Fossil investments looking increasingly toxic as smart money moves to renewables


New research warns that US$2.2 trillion of investors money could be at risk if fossil fuel companies continue to pursue high carbon projects. According to the Carbon Tracker Initiative, a “perfect storm” of factors – including including international action to limit emissions, and rapid advances in renewable energy technologies – could leave many fossil fuel projects uneconomic. The world’s largest insurance company, Allianz, clearly agrees, announcing that it will no longer gamble the €2 trillion it manages  on coal company investments. Instead it will  plough money into wind power, which could result in a shift of €4 billion. As governments prepare to meet in Paris to agree a new global climate agreement, Allianz’s move sends another clear signal that the world is ready and willing to shift away from fossil fuels towards a renewable energy future. It comes on the back of a series of high profile divestment announcements including Axa insurance and the Norwegian Sovereign Wealth Fund.



Key Points

  • Continued fossil fuel investment makes neither economic nor climate sense. The world is already on track for 1DegC of warming in 2015, and large swathes of fossil fuels need to be left in the ground if the world is limit warming below the 2DegC danger threshold. No new coal mines are needed, warns Carbon Tracker Initiative, while oil demand will peak around 2020, and growth in gas will be lower than expected. 20-25 per cent of potential oil and gas investments will not be needed. In total, $2.2 trillion of investors money that could go up in smoke in a carbon-constrained world.



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Key Quotes

  • “Too few energy companies recognise that they will need to reduce supply of their carbon-intensive products to avoid pushing us beyond the internationally recognised carbon budget. Clean technology and climate policy are already reducing fossil fuel demand – misreading these trends will destroy shareholder value. Companies need to apply 2˚C stress tests to their business models now.” – James Leaton, head of research at Carbon Tracker
  • “Our work shows thermal coal has the most significant overhang of unneeded supply in terms of carbon of all fossil fuels on any scenario. No new mines are needed globally in a 2˚C world.” – Mark Fulton, advisor to Carbon Tracker, former head of research at Deutsche Bank Climate Change Advisors
  • “Business history is littered with examples of incumbents who fail to see the transition coming. Fossil fuel incumbents seem intent on wasting capital trying to hold onto growth by doing what they have always done rather than embracing the energy transition and preserving value by adopting an ex-growth strategy. Our report offers these companies both a warning and a strategy for avoiding significant value destruction.” – Anthony Hobley, CEO of Carbon Tracker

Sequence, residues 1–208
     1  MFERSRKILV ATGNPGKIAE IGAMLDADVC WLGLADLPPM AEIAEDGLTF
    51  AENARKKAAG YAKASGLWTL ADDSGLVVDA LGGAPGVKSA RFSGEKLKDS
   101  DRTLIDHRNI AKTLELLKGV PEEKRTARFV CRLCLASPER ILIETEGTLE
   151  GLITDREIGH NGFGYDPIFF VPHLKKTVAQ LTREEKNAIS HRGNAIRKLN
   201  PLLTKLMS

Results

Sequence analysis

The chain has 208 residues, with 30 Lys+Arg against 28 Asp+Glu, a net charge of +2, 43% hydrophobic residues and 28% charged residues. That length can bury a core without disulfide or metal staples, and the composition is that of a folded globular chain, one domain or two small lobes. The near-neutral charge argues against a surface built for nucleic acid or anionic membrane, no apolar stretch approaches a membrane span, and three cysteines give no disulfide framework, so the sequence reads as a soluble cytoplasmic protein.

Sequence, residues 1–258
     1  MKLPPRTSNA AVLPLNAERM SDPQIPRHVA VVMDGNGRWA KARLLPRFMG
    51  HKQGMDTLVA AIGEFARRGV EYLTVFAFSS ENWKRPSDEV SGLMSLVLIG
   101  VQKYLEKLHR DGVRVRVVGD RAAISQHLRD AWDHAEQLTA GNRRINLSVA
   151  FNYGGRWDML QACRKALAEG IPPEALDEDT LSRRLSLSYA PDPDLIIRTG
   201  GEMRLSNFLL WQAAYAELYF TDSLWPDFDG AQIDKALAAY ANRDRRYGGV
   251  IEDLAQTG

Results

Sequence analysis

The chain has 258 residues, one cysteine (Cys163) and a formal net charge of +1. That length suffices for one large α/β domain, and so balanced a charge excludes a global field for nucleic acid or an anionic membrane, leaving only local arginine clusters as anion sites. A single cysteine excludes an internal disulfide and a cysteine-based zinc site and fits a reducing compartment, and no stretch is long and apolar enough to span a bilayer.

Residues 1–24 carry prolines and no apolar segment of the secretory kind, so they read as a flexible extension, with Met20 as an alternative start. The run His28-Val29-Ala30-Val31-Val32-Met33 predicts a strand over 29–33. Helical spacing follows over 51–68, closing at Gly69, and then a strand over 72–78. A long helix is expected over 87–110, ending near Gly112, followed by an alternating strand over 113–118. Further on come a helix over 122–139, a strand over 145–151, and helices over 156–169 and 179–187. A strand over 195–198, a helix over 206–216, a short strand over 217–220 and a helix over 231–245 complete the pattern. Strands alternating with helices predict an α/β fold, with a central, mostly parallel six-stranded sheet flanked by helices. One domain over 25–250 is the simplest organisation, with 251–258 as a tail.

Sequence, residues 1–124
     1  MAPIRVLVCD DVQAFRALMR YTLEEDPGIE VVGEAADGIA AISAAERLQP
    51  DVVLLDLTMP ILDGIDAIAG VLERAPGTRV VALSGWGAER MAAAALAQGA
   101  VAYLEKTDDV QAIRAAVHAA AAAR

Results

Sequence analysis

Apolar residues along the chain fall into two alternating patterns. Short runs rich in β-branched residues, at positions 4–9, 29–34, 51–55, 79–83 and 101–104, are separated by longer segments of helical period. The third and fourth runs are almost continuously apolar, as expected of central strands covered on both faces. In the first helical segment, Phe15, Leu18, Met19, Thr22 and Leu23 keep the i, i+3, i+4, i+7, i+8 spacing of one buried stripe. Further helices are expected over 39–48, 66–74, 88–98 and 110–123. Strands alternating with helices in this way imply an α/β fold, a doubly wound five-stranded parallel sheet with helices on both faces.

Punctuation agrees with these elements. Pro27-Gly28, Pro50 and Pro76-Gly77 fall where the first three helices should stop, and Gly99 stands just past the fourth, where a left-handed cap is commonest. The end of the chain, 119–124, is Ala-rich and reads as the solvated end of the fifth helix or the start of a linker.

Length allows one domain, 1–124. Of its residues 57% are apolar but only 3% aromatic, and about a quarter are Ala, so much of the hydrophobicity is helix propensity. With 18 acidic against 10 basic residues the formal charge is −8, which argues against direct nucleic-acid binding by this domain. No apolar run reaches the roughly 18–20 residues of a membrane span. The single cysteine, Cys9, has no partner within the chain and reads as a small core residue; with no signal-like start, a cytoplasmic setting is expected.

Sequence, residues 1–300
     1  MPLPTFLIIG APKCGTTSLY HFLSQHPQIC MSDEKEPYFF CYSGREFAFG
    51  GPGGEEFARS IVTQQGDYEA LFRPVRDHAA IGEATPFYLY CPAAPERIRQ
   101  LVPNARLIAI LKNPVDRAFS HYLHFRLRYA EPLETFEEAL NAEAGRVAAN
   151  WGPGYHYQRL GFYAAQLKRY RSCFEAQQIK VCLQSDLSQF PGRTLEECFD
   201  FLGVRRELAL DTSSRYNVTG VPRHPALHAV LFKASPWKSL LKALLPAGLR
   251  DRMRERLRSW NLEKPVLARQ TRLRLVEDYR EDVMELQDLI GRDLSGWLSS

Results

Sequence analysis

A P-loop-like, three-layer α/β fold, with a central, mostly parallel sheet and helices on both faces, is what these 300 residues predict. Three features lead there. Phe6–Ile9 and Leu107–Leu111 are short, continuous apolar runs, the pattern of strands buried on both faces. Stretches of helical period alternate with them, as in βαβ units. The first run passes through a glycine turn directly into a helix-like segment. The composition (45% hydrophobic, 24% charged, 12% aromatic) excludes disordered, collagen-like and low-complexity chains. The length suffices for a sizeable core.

• “Aware of the two-degree-target of the Paris climate negotiations as well as the economic risks involved, CEO Oliver Bäte announced that Allianz will stop financing coal-based business models. It will no longer invest in companies that derive more than 30 per cent of revenue from coal mining or generate over 30 per cent of their energy from coal.” – Allianz statement
  • “As the world’s largest insurance company, Allianz knows a thing or two about risk – and there’s no greater risk for the climate than continuing to invest in an industry that is wrecking the planet. Divestment from coal is a heartening first step; ultimately, however, 80 per cent of all fossil fuel reserves need to stay in the ground to avoid dangerous and irreversible climate change.” – Europe campaigner Nicolò Wojewoda
  • “The state of the global climate in 2015 will make history as for a number of reasons. Levels of greenhouse gases in the atmosphere reached new highs and in the Northern hemisphere spring 2015 the three-month global average concentration of CO2 crossed the 400 parts per million barrier for the first time. 2015 is likely to be the hottest year on record, with ocean surface temperatures at the highest level since measurements began.  It is probable that the 1°C Celsius threshold will be crossed. This is all bad news for the planet.” – WMO Secretary-General Michel Jarraud

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